Explaining that 'dip'

20th October 2000 at 01:00
The latest reports examined by Reva Klein

study into learning during the middle years (Years 5 to 8) involving a survey of primary and secondary pupils and teachers suggests why children "dip" after moving to secondary school.

The primary pupils involved in the study were mostly positive about themselves as learners and about school as a safe place.

They found most of the work interesting and either very easy or at the right level of difficulty, although 30 per cent said they found school boring and that they had to "think hard" to do the work.

They identified a good lesson as being interactive and they enjoyed working in groups. Teachers' explanations were considered the most helpful aid for learning. Their expectations of secondary school were also generally positive.

Thirty per cent thought it would be a "bit better" and 28 per cent thought it would be "much better" than primary. They particularly anticipated a new environment allowing them a sense of independence and maturity.

But just under a third admitted to being nervous about the move, worried about the size of the new school, losing old friends, finding the work too difficult and bullying.

The pupils in Years 7 and 8 were also positive about themselves. Bt there were some crucial differences in their perceptions of themselves as learners and the way they viewed school.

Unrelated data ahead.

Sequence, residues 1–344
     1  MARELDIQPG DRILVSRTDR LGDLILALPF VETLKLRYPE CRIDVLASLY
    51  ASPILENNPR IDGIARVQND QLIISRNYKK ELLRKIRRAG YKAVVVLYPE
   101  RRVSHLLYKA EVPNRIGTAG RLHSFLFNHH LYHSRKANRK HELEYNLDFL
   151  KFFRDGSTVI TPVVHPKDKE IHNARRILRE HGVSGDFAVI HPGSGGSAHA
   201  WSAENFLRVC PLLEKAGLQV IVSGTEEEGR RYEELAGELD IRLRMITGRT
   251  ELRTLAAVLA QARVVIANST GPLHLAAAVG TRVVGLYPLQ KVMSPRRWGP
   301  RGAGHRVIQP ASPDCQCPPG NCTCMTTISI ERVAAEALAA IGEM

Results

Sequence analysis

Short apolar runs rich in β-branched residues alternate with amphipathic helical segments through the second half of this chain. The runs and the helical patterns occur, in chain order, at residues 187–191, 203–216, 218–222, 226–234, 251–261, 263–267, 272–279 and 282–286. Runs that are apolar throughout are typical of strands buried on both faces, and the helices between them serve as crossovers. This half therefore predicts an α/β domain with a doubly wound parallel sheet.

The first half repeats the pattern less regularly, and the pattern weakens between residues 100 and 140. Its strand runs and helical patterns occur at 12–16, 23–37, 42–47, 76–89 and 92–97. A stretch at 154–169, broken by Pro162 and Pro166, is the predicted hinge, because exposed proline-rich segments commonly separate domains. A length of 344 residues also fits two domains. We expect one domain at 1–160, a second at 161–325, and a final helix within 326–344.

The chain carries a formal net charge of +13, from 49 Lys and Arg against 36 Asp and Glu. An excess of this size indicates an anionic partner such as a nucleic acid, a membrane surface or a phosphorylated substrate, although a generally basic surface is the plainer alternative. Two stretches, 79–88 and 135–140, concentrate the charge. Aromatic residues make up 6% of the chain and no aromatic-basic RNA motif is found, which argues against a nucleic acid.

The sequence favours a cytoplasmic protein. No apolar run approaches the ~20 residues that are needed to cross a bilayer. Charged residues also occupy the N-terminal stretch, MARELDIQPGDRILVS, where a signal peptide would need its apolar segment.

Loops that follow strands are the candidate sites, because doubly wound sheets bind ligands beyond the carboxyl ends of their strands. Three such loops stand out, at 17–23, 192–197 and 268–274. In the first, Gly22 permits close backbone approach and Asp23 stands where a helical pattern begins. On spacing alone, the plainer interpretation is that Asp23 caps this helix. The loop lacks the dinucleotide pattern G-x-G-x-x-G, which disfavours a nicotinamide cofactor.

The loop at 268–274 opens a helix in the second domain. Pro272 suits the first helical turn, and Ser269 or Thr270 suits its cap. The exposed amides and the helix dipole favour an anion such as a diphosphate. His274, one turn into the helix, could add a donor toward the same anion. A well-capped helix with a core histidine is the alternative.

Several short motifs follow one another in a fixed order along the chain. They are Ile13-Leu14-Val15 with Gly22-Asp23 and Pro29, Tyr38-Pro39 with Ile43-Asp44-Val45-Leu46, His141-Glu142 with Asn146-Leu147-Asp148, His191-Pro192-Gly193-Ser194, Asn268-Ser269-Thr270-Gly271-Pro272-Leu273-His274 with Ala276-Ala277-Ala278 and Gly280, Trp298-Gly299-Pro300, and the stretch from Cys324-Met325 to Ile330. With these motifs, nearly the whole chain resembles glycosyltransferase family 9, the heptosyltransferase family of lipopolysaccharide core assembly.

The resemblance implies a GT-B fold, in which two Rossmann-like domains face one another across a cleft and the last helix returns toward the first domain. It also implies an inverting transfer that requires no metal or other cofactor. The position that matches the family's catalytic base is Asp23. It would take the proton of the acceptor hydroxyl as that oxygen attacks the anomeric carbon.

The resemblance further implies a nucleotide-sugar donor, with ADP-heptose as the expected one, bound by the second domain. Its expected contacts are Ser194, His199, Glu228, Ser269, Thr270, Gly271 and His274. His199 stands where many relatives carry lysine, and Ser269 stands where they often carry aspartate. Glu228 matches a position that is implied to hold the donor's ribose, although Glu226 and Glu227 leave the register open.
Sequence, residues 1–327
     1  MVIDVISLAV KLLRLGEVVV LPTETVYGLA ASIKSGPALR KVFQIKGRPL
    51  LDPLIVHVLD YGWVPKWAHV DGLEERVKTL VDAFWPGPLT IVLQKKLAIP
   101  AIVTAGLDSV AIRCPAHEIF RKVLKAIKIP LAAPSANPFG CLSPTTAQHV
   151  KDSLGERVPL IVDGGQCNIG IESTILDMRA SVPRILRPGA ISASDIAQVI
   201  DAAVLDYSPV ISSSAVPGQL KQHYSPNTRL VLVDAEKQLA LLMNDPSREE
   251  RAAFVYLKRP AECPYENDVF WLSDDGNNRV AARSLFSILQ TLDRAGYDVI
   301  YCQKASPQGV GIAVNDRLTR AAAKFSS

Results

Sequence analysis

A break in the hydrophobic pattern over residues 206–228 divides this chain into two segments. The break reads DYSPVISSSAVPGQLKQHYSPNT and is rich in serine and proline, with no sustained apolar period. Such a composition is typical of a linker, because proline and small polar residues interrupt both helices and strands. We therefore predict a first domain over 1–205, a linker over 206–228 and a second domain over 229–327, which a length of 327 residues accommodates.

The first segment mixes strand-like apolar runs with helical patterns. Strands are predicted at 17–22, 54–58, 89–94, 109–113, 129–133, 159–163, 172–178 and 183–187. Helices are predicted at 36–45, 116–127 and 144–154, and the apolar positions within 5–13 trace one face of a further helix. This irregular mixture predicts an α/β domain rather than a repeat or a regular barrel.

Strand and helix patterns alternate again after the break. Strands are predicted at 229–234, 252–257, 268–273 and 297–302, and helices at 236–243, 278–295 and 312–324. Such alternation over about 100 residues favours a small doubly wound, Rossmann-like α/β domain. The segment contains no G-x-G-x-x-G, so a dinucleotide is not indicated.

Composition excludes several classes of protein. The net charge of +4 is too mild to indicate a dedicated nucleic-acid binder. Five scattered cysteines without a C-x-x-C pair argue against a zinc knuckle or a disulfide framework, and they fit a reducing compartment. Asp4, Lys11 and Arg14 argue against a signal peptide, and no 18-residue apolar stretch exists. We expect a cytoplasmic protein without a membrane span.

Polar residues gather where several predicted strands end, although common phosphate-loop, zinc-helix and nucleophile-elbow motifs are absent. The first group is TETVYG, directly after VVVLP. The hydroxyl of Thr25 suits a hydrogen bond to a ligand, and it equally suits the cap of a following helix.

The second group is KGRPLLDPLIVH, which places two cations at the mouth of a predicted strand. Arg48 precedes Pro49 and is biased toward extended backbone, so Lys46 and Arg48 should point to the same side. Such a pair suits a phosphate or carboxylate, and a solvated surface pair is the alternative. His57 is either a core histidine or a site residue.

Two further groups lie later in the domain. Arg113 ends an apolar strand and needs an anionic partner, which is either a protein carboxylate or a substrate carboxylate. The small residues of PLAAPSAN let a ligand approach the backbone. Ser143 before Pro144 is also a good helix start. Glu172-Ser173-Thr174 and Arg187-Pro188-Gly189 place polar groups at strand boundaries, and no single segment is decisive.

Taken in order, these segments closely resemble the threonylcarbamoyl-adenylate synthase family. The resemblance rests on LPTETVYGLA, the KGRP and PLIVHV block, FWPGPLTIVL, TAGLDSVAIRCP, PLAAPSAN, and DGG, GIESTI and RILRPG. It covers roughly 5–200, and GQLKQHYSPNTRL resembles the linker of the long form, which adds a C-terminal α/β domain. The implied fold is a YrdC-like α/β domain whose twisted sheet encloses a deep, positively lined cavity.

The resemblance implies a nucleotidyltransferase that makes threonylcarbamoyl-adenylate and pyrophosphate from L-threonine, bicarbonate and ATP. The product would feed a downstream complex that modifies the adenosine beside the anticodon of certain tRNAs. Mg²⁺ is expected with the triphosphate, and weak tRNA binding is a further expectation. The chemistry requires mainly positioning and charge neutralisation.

Only 26 per cent of the Year 5 and 6 group said they gave up trying to do work when it was too hard, but 60 per cent of the secondary school group said they sometimes did.

Fewer of the older children said they enjoyed being at school than the primary children and a worrying 70 per cent thought that teachers repeated things that they had already covered in primary school.

No wonder, then, that 45 per cent said they found school and school work boring most of the time.

Teachers' perceptions were markedly different between the phases in a number of areas. While almost all the primary teachers believed it was important that Year 5 and 6 pupils be treated as responsible people in the school, only four fifths of those teaching Year 7 and 8 pupils agreed. And against 95 per cent of primary teachers who said they had a good knowledge of the backgrounds and abilities of their pupils, only 65 per cent of the secondary teachers agreed.

Learning in the Middle Years by Yolande Muschamp and Louise Stoll of the University of Bath and Munaza Nausheen of the University of Lahore.

Contact: y.m.muschampbath.ac.uk

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